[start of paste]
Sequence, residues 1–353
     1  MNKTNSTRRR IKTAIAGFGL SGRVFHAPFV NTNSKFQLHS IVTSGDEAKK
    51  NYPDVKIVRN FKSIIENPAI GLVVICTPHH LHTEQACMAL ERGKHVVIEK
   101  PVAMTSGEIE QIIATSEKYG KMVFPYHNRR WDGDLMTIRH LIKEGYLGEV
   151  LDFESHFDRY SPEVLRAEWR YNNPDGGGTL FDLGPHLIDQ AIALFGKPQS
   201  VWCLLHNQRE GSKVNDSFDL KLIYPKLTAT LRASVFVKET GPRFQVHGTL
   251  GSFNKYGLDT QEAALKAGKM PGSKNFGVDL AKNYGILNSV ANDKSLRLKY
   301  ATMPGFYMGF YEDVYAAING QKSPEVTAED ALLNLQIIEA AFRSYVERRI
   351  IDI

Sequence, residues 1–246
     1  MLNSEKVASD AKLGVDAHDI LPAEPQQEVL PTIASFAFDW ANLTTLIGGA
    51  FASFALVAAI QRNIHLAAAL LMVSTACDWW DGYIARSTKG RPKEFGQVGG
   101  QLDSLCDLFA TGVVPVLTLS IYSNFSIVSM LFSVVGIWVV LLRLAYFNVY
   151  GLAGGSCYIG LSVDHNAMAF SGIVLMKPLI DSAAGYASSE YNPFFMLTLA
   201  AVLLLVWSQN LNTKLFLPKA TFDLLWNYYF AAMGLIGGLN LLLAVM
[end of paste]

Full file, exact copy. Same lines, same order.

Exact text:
Sequence, residues 1–353
     1  MNKTNSTRRR IKTAIAGFGL SGRVFHAPFV NTNSKFQLHS IVTSGDEAKK
    51  NYPDVKIVRN FKSIIENPAI GLVVICTPHH LHTEQACMAL ERGKHVVIEK
   101  PVAMTSGEIE QIIATSEKYG KMVFPYHNRR WDGDLMTIRH LIKEGYLGEV
   151  LDFESHFDRY SPEVLRAEWR YNNPDGGGTL FDLGPHLIDQ AIALFGKPQS
   201  VWCLLHNQRE GSKVNDSFDL KLIYPKLTAT LRASVFVKET GPRFQVHGTL
   251  GSFNKYGLDT QEAALKAGKM PGSKNFGVDL AKNYGILNSV ANDKSLRLKY
   301  ATMPGFYMGF YEDVYAAING QKSPEVTAED ALLNLQIIEA AFRSYVERRI
   351  IDI

Sequence, residues 1–246
     1  MLNSEKVASD AKLGVDAHDI LPAEPQQEVL PTIASFAFDW ANLTTLIGGA
    51  FASFALVAAI QRNIHLAAAL LMVSTACDWW DGYIARSTKG RPKEFGQVGG
   101  QLDSLCDLFA TGVVPVLTLS IYSNFSIVSM LFSVVGIWVV LLRLAYFNVY
   151  GLAGGSCYIG LSVDHNAMAF SGIVLMKPLI DSAAGYASSE YNPFFMLTLA
   201  AVLLLVWSQN LNTKLFLPKA TFDLLWNYYF AAMGLIGGLN LLLAVM